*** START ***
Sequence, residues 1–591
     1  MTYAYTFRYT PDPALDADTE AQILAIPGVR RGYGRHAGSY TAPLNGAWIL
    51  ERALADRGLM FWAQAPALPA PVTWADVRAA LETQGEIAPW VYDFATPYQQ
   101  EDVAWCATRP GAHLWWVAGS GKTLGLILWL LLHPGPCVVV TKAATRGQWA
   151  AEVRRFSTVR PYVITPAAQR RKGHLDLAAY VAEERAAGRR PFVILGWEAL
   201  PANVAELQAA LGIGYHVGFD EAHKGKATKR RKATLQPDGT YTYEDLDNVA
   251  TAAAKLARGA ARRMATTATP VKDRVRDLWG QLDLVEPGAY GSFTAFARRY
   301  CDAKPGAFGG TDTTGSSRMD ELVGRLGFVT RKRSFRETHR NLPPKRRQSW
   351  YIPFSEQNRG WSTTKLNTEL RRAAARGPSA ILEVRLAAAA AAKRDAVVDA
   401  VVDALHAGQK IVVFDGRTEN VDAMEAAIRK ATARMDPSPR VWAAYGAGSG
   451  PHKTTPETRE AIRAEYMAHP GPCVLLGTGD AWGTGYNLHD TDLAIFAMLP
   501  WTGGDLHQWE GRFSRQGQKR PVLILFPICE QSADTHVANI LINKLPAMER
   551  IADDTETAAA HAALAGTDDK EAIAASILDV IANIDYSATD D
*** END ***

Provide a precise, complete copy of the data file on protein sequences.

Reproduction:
Sequence, residues 1–591
     1  MTYAYTFRYT PDPALDADTE AQILAIPGVR RGYGRHAGSY TAPLNGAWIL
    51  ERALADRGLM FWAQAPALPA PVTWADVRAA LETQGEIAPW VYDFATPYQQ
   101  EDVAWCATRP GAHLWWVAGS GKTLGLILWL LLHPGPCVVV TKAATRGQWA
   151  AEVRRFSTVR PYVITPAAQR RKGHLDLAAY VAEERAAGRR PFVILGWEAL
   201  PANVAELQAA LGIGYHVGFD EAHKGKATKR RKATLQPDGT YTYEDLDNVA
   251  TAAAKLARGA ARRMATTATP VKDRVRDLWG QLDLVEPGAY GSFTAFARRY
   301  CDAKPGAFGG TDTTGSSRMD ELVGRLGFVT RKRSFRETHR NLPPKRRQSW
   351  YIPFSEQNRG WSTTKLNTEL RRAAARGPSA ILEVRLAAAA AAKRDAVVDA
   401  VVDALHAGQK IVVFDGRTEN VDAMEAAIRK ATARMDPSPR VWAAYGAGSG
   451  PHKTTPETRE AIRAEYMAHP GPCVLLGTGD AWGTGYNLHD TDLAIFAMLP
   501  WTGGDLHQWE GRFSRQGQKR PVLILFPICE QSADTHVANI LINKLPAMER
   551  IADDTETAAA HAALAGTDDK EAIAASILDV IANIDYSATD D